DOT lays out strategy for automated trucking
FMCSA plans to host sessions with ADS truck developers, manufacturers and carriers to create operational standards
The U.S. Department of Transportation (DOT) released on Monday a strategy for integrating automated driving systems (ADS) into the commercial trucking and passenger vehicle sectors.
The 38-page Automated Vehicles Comprehensive Plan (AVCP), which will be published in the Federal Register for public review and comment, “lays out a vision for the safe integration of automated vehicles into America’s transportation system while ensuring that legitimate concerns about safety, security, and privacy are addressed,” said Secretary Elaine Chao.
It was one of Chao’s last public announcements before resigning from DOT on Monday.
The AVCP notes how automated trucking companies are developing Level 4 ADS which have an “operational design domain” of limited-access highways, either from exit to exit or on-ramp to off-ramp.
The document states that the Federal Motor Carrier Safety Administration (FMCSA) plans to host a series of sessions with ADS-equipped CMV developers, truck manufacturers, motor carriers, industry associations and other groups to further develop industry-based standards for trucks that eventually will be operated without a driver. It points out that DOT is actively studying the potential impacts of ADS on the country’s long-haul trucking workforce.
“In the context of ADS-equipped CMVs, FMCSA will continue to exercise its existing statutory authority over the safety of motor carriers operating in interstate commerce, the qualifications and safety of CMV drivers, and the safe operation of commercial trucks and motor coaches. FMCSA retains its authority to take enforcement action if an automated system inhibits safe operation.”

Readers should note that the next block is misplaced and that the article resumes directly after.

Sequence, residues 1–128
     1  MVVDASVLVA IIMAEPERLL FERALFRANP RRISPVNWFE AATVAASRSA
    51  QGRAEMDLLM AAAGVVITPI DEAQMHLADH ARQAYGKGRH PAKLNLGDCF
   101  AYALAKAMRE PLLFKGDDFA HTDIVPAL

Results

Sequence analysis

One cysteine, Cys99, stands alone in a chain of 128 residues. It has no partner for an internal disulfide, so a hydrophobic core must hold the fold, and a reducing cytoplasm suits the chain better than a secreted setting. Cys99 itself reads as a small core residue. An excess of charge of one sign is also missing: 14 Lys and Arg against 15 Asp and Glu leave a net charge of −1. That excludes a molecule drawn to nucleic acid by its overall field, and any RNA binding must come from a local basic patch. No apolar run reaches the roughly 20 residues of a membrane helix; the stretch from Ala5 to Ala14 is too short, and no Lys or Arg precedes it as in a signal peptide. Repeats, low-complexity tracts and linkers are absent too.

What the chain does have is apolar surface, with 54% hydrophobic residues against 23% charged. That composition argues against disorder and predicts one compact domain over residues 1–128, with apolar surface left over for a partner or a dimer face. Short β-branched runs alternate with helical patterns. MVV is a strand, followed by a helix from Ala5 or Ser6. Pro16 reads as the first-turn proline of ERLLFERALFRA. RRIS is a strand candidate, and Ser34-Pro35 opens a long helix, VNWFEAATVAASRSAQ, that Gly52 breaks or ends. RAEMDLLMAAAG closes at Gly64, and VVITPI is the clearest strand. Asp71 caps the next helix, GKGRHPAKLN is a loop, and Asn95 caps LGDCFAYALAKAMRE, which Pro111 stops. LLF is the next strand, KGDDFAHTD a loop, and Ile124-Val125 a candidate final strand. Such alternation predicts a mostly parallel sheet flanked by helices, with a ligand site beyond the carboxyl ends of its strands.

Chao’s ADS announcement came as DOT’s National Highway Traffic Safety Administration (NHTSA) announced that its Automated Vehicle Transparency and Engagement for Safe Testing (AV TEST) Initiative had evolved from a pilot project created in 2020 with nine companies to a full program that now includes 26 companies, including self-driving truck developers TuSimple, Embark and Kodiak.
“This the first platform connecting the public, manufacturers, developers, operators, and all levels of government to voluntarily share information about the on-road testing and development of prototype automated driving systems,” said NHTSA Deputy Administrator James Owens.
FMCSA Deputy Administrator Wiley Deck commented that AV technology could ultimately save thousands of lives. “FMCSA is pleased that initiatives like AV TEST can help in this regard by deepening the knowledge in this area. We take seriously our responsibility to ensure the testing, and eventual AV deployment is conducted in a manner that maintains the highest level of safety for the motoring public,” he said.
Speaking in support of the AV TEST expansion, Ariel Wolf, counsel for the Self Driving Coalition for Safer Streets, noted that an estimated 90% of all crashes are in some way linked to human error. “Fully autonomous vehicles have the potential to reduce fatal traffic crashes because they remove human error from the driving process entirely.”
Wolf announced that TuSimple, Embark and Kodiak — in addition to being part of AV TEST — had become the first companies dedicated exclusively to developing self-driving trucks to join his coalition. Other members of the Coalition, founded in 2016 to promote driverless vehicles, include Nuro, Lyft, Uber and Waymo.
“The addition of Embark, Kodiak and TuSimple marks the coalition’s commitment to advocating for the broad spectrum of autonomous vehicle use cases,” Wolf said. “By adding their voices to our work with federal, state, and local policy makers, the coalition enhances our commitment to making self-driving technologies’ transformative potential a reality on America’s roads and highways.”